13. GERM WARFARE TOXINS ROUTINELY SENT THROUGH THE U.S. MAIL

The U.S. military, federal agencies, and private research labs have routinely sent germ-warfare toxins and other hazardous biological materials throughout the United States by unregistered mail.

At a Congressional hearing, on June, 24, 1988, the Postal Service, in response to critics of the policy, proposed a ban on sending disease-carrying biological materials through the mail.

Controversy over the shipments began when the Army proposed building a laboratory for testing lethal biowarfare agents at Dugway in Utah where such agents would be shipped to and from some 103 research laboratories throughout the country. The Army had been shipping an average of 50 deadly toxins, including genetic mutations and viruses, each year from its Fort Detrick, Maryland, lab.

Postal officials testified at the hearing that workers are not trained in how to handle potentially harmful biological agents or how to respond in the event of a leak. "The only way we find out whether a given shipment is properly labeled and packaged is when it breaks," said Moe Biller, president of the American Postal Workers Union.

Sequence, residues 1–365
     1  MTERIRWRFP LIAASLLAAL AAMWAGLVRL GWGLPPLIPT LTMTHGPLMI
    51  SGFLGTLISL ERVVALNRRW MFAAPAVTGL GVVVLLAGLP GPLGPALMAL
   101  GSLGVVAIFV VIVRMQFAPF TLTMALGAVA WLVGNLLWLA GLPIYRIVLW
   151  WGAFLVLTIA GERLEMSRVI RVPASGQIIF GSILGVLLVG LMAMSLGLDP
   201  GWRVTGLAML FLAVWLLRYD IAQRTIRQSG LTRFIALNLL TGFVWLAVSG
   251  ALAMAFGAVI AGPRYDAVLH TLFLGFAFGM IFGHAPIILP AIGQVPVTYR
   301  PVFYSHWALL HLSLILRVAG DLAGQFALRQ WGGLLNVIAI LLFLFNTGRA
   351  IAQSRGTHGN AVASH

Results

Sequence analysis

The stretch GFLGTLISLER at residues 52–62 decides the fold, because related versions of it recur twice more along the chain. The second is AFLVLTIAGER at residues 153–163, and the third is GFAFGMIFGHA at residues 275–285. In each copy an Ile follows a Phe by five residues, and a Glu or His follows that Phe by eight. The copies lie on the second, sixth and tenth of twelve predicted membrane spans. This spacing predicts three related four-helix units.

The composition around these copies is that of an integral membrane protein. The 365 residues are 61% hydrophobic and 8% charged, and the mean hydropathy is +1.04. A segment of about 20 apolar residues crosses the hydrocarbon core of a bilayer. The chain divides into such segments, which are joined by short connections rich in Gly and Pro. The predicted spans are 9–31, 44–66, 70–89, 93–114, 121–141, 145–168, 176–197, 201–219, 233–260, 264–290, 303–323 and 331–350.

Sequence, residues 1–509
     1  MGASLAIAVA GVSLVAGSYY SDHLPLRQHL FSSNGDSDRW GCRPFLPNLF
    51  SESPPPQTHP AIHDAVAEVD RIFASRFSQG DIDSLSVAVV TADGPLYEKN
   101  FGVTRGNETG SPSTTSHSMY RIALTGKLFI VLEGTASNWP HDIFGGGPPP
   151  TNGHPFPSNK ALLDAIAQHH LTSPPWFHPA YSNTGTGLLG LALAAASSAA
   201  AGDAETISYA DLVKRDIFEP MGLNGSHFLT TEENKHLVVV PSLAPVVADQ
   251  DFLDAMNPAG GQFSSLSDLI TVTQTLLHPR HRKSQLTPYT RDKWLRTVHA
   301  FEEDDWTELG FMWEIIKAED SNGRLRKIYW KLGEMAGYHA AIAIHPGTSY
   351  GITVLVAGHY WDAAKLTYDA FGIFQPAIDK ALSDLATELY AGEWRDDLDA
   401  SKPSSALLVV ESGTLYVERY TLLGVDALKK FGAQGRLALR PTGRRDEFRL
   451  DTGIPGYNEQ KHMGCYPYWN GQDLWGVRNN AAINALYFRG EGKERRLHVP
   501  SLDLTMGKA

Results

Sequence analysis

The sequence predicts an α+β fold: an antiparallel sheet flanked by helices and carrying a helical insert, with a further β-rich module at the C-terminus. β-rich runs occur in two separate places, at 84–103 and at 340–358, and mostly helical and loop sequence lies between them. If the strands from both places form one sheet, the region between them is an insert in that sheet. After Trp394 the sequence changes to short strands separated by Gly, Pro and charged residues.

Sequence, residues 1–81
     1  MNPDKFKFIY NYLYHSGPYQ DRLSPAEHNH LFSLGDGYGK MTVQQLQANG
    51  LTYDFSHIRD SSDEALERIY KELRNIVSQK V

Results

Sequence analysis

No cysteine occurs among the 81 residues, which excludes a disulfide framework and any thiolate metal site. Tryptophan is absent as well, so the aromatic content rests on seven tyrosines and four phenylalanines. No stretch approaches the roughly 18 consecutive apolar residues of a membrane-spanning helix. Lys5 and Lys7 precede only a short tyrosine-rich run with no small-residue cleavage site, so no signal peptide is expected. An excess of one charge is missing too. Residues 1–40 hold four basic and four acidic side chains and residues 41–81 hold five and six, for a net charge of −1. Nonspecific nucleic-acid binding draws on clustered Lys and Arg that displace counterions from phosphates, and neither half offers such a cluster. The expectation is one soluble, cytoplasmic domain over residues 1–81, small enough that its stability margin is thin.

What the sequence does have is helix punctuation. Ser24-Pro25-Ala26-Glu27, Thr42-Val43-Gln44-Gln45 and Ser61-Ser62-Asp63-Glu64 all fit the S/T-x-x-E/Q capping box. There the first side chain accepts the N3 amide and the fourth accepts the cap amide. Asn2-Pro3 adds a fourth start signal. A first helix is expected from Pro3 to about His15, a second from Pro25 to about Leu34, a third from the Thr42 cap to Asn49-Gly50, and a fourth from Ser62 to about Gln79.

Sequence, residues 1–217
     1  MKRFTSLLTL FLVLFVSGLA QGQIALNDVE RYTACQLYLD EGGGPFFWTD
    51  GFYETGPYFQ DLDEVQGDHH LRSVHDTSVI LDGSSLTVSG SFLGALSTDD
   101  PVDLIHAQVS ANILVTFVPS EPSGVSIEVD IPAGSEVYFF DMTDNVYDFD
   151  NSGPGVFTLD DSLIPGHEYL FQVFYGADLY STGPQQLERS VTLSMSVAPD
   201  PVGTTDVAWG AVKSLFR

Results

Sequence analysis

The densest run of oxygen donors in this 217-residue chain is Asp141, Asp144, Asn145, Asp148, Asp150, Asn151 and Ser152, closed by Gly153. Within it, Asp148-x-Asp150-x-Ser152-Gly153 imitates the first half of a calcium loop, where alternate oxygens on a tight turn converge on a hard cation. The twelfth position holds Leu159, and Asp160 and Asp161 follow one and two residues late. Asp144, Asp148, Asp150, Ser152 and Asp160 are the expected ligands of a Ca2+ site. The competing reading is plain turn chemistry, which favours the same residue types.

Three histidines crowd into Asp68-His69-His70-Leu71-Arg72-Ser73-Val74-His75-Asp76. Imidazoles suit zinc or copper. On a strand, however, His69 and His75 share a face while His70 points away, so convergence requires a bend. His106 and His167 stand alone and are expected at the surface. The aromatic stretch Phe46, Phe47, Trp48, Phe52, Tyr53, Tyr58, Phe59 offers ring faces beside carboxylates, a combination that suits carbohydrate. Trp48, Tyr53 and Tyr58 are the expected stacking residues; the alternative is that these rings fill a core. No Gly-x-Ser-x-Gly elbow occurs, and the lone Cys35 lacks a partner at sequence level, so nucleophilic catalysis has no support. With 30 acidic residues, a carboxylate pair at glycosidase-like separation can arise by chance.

Also testifying before Congress, Jeremy Rifkin, president of the Foundation On Economic Trends, which had petitioned for a ban similar to that proposed, warned that "Deadly biological pathogens including yellow fever, the plague, Crimea-Congo fever, ebola virus, botulism and anthrax are being shipped through private carriers and the postal service without adequate safety regulations."

Rifkin added that "In labs, viruses are contained by steel, glass, gloves, and masked workers. Yet those same materials are transmitted through the mail in only vials and watertight containers."

According to post office officials, the ban will not cover vials containing medically diagnostic material, such as blood and urine samples for AIDS testing.

When the proposed rule by the Postal Service becomes final, private carriers are expected to take over most of the shipping of hazardous biological materials.

SOURCES:

THE WASHINGTON POST, 6/24/89, "Ban on Mailing Germs to Be Proposed," by Laurie M. Grossman; News Release by the FOUNDATION ON ECONOMIC TRENDS, 6/24/89, by Jeremy Rifkin.